Second Beach in Middletown

The following is a press release from the Town of Middletown.

Some people say living next to a short-term  rental is like having a commercial motel in the backyard. 

Others argue short-term rentals are good for the town of Middletown and its businesses,  helping property owners pay the bills while growing the economy at a time when it’s needed most. 

The town of Middletown wants to hear what residents and local short-term rental operators think through its latest online survey. Featured at https://www.surveymonkey.com/r/middletownrentals, the survey is free and should take two to three minutes to fill out. The deadline to complete the survey is Sunday, Jan. 10,  2021. 

“This is an important issue and we want to give the (Town) Council the data and input from residents and short-term rental operators to help make an informed decision, one based on data and facts,” Town Administrator Shawn J. Brown said. “There are a number of positions  here and we want a transparent process for everyone to have their say.” 

Going back at least five years, the town has tried different approaches to address short term rentals.  

While town officials say they appreciate the activity they can generate for local businesses,  there are those who maintain the cost has been too high. On several occasions, neighbors of such properties have approached the council, publicly complaining about raucous parties,  unsafe parking, and other concerns, particularly during the summer months in the Easton’s  Point area on the southern end of town. 

At the council’s meeting Monday, discussion on a memo on short-term rentals from  President Robert J. Sylvia and Vice President Paul M. Rodrigues was pushed off to the group’s Jan. 19 session. 

The same was true for a proposal from the town’s Economic Development Advisory  Committee to alter the definition of the term “short-term residential lease.” Under the town’s existing definition, a short-term residential lease is a dwelling or similar unit available for rent for six months or less. With the proposal put forward by MEDAC  Chairman Robert M. Silva, that period would be reduced to 21 days or less provided it’s okayed following a public hearing process. 

According to town records, there are 196 short-term rentals registered in town today.  

Under town rules most recently amended in June 2019, short-term rental operators must reregister their properties every April. There’s a $55 fee for each bedroom in any short term rental.  

Local leaders acknowledge the number of short-term rentals is likely greater because some short-term rental operators do not register their properties with the town, a violation punishable with fines and other steps.  

Among other items, the town’s short-term rental regulations also specify:

• No parking on the lawn of a short-term rental is allowed. 

• No more than two people are allowed to sleep in any bedroom, except those under 12 years of age.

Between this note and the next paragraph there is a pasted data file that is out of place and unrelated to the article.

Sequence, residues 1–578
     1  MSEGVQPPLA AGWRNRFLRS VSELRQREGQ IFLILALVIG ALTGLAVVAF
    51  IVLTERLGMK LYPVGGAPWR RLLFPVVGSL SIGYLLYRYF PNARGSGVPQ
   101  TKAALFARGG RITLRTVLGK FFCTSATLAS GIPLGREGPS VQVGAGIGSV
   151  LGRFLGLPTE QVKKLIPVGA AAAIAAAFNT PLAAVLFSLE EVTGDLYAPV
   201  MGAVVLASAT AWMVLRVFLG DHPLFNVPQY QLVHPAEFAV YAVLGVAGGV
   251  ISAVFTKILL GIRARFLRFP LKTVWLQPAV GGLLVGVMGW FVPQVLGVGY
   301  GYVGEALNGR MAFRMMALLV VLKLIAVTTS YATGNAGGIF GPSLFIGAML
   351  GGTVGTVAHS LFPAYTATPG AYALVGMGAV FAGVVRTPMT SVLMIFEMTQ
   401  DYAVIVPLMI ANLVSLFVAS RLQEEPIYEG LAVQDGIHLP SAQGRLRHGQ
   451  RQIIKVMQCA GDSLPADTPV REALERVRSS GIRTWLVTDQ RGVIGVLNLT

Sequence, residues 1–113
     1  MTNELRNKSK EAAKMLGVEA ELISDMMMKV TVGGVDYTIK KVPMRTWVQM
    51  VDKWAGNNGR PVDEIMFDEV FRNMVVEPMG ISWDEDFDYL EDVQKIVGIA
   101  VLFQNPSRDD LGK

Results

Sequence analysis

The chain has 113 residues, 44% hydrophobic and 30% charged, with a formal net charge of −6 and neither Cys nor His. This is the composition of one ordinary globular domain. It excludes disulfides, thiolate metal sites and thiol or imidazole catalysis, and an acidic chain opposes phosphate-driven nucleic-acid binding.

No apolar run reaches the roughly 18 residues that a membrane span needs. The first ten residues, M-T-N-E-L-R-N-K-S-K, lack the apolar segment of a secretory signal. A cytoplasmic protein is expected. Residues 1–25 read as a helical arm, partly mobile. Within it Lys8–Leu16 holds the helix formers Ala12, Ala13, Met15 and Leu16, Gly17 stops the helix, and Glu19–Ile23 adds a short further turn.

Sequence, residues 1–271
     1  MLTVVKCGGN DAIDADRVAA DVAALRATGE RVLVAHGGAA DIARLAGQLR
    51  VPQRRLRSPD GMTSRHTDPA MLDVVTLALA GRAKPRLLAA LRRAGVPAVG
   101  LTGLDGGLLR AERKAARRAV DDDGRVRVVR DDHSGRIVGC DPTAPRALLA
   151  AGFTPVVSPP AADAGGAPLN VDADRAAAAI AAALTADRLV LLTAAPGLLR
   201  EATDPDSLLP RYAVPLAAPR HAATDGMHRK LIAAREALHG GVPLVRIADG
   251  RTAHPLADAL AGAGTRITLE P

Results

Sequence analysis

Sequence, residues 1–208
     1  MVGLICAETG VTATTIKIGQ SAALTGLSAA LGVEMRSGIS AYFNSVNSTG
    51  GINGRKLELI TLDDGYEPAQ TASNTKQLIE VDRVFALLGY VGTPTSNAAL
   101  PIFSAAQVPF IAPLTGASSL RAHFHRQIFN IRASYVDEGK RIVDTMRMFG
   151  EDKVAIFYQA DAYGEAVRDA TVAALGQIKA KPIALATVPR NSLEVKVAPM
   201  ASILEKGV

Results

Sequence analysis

• A copy of the short-term rental lease must posted at the property, with the name of each tenant included. 

• Tenants of a short-term rental can be held legally responsible for any violations committed by guests on the property during their stay. 

• Contact information for the owner and/or a designated property representative must be posted and readily available to police, zoning enforcement, and other town officials. 

• Fines are up to $1,000 per day for violations. 

For a complete listing of the town’s short-term regulations, click here.  

To complete a short-term rental application, click here.

Ryan Belmore is the Publisher of What'sUpNewp. 
Belmore has been involved with What’sUpNewp since shortly after its launch in 2012, proudly leading it to be named Best Local News Blog in Rhode Island by Rhode Island Monthly readers in 2018, 2019, and 2020 and an honorable mention in the Common Good Awards in 2021.

Born and raised in Rhode Island, Belmore graduated from Coventry High School and the Community College of Rhode Island. In addition to living in Newport for 10 years, he has lived in Portsmouth, Coventry, Providence, Smithfield, Burrillville, and East Greenwich.

Belmore currently serves as Vice President of the Board Of Directors for Fort Adams Trust and on the Board of Directors for Potter League For Animals. He previously served on the Board of Lucy's Hearth and the Arts & Cultural Alliance for Newport County.

Belmore and his wife, Jen, currently live in Alexandria, Virginia, a move they made in 2021. Read more about that here - https://whatsupnewp.com/2021/09/letter-from-the-publisher-some-personal-news/

Belmore visits Newport every couple of weeks to support the 12+ paid contributors What'sUpNewp has on the ground across Rhode Island, a place he called home for 39 years.

Belmore is a member of Local Independent Online News (LION) Publishers, Society of Professional Journalists, and the North American Snowsports Journalists Association.

In 2020, Belmore was named Member of the Year by LION and won the Arts & Cultural Alliance of Newport County's Dominque Award.
Belmore can be contacted at ryan@whatsupnewp.com and 401-662-1653.